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Top 5 Color Mixing Tips

Tips to help you get the best results when mixing colors.


Color Theory
Image: © Marion Boddy-Evans. Licensed to About.com, Inc.

I truly believe that an artist could spend a lifetime exploring color and the results of color mixing, there are just so many possibilities and results. Color mixing is something beginners often shy away from. Don’t, rather learn the few fundamentals, embrace the challenge and get mixing. At worst you’ll produce mud colors; if you don’t want to waste the paint by throwing it away, use it with some white to do a tonal exercise, or underpainting. Here are some tips to help you with color mixing that I wish I’d known far earlier than I did.

Color Mixing Tip No 1: Add Dark to Light
It takes only a little of a dark color to change a light color, but it takes considerably more of a light color to change a dark one. So, for example, always add blue to white to darken it, rather than trying to lighten the blue by adding white.

Color Mixing Tip No 2: Add Opaque to Transparent
The same applies when mixing an opaque color and a transparent one. Add a little of the opaque color to the transparent one, rather than the other way round. The opaque color has a far greater strength or influence than a transparent color.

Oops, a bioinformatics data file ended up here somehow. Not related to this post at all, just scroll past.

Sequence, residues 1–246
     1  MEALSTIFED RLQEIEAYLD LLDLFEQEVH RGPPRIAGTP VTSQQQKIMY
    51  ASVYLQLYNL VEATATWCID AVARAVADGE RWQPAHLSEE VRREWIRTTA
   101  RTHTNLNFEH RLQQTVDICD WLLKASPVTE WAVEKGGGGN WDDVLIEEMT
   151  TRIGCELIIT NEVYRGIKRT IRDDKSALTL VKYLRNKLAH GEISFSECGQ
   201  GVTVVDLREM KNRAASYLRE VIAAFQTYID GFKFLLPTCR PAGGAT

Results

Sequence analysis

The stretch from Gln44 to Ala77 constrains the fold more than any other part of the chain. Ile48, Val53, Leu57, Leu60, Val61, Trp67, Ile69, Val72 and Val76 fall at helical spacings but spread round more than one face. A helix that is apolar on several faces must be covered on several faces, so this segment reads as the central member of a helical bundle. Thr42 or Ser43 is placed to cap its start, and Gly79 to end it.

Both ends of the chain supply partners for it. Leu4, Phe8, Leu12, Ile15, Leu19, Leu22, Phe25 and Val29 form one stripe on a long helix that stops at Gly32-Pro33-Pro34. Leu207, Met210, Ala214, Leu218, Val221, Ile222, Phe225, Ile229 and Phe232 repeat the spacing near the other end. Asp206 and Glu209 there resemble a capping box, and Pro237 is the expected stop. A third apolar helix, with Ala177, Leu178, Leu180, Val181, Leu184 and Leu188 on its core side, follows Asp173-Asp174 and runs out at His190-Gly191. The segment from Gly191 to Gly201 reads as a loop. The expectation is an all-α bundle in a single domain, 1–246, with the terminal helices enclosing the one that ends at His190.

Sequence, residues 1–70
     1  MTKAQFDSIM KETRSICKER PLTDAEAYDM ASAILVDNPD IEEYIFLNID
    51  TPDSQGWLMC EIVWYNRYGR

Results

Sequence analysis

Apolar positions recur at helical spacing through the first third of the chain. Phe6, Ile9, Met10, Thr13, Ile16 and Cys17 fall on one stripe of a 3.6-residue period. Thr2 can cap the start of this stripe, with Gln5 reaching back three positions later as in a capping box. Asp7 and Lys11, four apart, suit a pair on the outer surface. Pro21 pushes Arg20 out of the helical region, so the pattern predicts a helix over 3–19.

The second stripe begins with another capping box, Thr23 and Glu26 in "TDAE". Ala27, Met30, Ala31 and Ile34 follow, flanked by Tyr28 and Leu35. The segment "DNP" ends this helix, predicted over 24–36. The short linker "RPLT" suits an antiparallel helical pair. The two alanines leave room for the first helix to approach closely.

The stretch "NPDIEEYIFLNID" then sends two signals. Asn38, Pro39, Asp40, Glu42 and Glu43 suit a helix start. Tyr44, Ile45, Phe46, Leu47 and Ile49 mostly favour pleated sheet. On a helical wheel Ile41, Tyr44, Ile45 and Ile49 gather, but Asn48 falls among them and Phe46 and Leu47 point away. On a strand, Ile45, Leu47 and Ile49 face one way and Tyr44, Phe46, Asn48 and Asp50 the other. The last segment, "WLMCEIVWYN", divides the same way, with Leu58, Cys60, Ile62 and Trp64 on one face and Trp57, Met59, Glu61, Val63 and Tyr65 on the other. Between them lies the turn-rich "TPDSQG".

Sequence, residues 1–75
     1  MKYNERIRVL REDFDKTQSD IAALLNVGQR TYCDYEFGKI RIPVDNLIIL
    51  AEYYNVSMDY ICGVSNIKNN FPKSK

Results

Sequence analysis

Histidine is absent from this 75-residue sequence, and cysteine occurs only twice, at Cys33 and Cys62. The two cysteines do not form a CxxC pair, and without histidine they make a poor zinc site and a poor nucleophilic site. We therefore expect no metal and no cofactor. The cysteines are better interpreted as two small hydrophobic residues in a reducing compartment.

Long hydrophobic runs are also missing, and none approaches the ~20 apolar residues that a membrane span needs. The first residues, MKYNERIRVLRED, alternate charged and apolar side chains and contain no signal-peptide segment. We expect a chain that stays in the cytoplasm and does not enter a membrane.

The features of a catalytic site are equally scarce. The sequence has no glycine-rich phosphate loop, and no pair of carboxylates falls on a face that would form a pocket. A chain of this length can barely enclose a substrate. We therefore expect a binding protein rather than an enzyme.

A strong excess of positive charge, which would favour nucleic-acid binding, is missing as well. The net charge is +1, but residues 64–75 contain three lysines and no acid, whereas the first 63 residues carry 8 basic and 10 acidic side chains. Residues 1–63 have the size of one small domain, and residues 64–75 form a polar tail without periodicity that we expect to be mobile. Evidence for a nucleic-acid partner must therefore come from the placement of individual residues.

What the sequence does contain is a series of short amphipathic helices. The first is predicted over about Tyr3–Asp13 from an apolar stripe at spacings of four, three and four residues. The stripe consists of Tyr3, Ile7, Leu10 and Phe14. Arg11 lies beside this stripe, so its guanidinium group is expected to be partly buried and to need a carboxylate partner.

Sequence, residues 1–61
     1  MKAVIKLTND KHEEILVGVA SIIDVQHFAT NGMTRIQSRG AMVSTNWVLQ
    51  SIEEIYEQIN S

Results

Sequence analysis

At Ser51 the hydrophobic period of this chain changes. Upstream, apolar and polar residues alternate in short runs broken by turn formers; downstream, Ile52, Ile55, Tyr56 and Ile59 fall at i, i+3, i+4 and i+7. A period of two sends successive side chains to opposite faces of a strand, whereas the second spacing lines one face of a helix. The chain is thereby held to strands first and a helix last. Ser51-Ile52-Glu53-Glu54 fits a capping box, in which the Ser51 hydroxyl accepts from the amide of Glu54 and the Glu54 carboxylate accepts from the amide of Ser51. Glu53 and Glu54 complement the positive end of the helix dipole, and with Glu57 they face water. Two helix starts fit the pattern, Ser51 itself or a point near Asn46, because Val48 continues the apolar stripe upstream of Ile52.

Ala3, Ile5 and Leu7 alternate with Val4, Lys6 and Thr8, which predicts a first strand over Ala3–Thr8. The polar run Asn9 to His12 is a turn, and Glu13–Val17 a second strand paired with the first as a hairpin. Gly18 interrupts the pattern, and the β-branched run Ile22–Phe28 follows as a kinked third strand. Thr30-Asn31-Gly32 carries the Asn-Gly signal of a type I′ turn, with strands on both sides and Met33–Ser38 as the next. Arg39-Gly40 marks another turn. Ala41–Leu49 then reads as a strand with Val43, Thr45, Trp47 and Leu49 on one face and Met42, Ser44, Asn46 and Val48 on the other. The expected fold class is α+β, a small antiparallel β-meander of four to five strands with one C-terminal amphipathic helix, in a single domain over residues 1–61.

Color Mixing Tip No 3: Stick to Single Pigments
For the brightest, most intense results, check that the two colors you are mixing are each made from one pigment only, so you’re mixing only two pigments. Artist’s quality paints normally list the pigment(s) in a color on the tube's label.

Color Mixing Tip No 4: Mixing the Perfect Browns and Greys
Mix ‘ideal’ browns and grays that harmonize with a painting by creating them from complementary colors (red/green; yellow/purple; blue/orange) in the palette you’ve used in that painting, rather than colors you haven’t used. Varying the proportions of each color will create quite a range.

Color Mixing Tip No 5: Don’t Overmix
If, when you mix two colors together on a palette, you don’t mix and mix until they’re totally, utterly, definitely combined, but stop a little bit beforehand, you get a far more interesting result when you put the mixed color down on paper or canvas. The result is a color that’s intriguing, varies slightly across the area you’ve applied it, not flat and consistent.

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